Barbara has published articles on family-related topics and is the author of Thanksgiving: A Time to Remember and When Christmas Came.  She speaks at FamilyLife's Weekend to Remember® marriage conferences and is a frequent guest on FamilyLife Today®, a nationally syndicated, daily radio program.  She and Dennis are the coauthors of several books, including Growing a Spiritually Strong Family, Starting Your Marriage Right, Moments Together for Couples, The New Building Your Mate's Self-Esteem, Parenting Today's Adolescent, Rekindling the Romance, and Moments with You. She co-authored A Mother's Legacy with her daughter, Ashley Rainey Escue and joined Dennis and their children Rebecca and Samuel on the book So You're About To Be A Teenager. Barbara has also co-authored Barbara and Susan's Guide to the Empty Nest, with close friend Susan Yates, and A Symphony in the Dark, written with her daughter, Rebecca Rainey Mutz. And Barbara has written a series focusing on character traits for families, including the titles Growing Together in Gratitude, Growing Together in Courage, Growing Together in Forgiveness, and Growing Together in Truth.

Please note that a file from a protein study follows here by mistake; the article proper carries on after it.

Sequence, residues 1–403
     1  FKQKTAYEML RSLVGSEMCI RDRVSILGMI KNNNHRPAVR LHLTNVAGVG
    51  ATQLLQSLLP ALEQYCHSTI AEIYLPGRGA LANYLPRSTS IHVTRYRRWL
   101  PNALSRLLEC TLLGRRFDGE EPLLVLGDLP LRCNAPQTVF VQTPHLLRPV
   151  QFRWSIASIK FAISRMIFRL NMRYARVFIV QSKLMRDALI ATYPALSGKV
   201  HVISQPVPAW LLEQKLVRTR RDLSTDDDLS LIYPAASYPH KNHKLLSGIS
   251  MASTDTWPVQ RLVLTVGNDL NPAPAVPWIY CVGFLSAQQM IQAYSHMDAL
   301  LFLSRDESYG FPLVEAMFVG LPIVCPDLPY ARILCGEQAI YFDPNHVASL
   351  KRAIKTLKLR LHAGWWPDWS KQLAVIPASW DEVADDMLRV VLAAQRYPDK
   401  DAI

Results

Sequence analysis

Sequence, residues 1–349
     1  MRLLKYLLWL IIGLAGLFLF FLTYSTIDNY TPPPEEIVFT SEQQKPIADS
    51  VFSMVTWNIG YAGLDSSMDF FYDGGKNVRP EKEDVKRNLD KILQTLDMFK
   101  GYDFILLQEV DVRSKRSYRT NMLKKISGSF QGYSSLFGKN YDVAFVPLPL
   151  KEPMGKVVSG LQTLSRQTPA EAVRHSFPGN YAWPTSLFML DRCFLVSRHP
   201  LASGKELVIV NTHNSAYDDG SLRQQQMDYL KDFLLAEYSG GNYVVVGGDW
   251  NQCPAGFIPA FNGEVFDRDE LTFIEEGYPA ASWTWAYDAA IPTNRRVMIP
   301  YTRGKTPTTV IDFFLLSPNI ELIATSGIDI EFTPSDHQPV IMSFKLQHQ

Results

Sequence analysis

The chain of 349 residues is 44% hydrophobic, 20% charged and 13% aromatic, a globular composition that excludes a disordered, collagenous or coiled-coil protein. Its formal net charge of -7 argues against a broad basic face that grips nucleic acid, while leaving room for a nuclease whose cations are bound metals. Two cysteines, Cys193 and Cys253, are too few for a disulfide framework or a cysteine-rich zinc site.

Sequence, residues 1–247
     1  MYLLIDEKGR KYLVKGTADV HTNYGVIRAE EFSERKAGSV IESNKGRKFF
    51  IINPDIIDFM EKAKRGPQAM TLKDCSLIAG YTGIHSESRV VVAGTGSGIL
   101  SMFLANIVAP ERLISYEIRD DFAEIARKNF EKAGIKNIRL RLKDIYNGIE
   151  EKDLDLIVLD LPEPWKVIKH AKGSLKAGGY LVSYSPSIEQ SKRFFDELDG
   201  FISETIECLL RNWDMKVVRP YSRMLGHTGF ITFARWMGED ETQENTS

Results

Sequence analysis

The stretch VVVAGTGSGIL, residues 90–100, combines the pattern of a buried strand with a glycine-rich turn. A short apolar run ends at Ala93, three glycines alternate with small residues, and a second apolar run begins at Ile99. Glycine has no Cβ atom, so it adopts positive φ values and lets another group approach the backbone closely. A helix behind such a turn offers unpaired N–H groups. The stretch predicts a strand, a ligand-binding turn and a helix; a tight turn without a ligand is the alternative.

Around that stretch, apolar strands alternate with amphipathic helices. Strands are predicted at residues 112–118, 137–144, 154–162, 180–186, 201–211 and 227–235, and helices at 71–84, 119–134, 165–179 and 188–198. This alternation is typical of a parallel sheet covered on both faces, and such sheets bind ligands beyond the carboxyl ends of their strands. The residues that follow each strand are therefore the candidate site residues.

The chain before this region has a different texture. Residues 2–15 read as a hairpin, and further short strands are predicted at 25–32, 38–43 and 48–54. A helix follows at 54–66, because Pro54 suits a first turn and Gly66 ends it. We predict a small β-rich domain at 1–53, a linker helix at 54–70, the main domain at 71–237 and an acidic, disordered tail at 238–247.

Having faithfully served alongside Dennis for more than 30 years, both in ministry and at home, Barbara has recently launched a new endeavor called Ever Thine Home™.  This new line of products, including Christ centered ornaments for Christmas, teaching tools for Lent and Easter, and beautiful additions for your home for thanksgiving and year round makes it easy to express faith at home in a way that is both biblical and beautiful.  Her heart for Ever Thine Home is based on the familiar Old Testament instruction:

"And these words that I command you today shall be on your heart. You shall teach them diligently to your children, and shall talk of them when you sit in your house, and when you walk by the way, and when you lie down, and when you rise. You shall bind them as a sign on your hand, and they shall be as frontlets between your eyes. You shall write them on the doorposts of your house and on your gates." (Deuteronomy 6:9, ESV)

You can read more about Barbara's work at

Find Barbara online on:
Twitter @BarbaraRainey and Facebook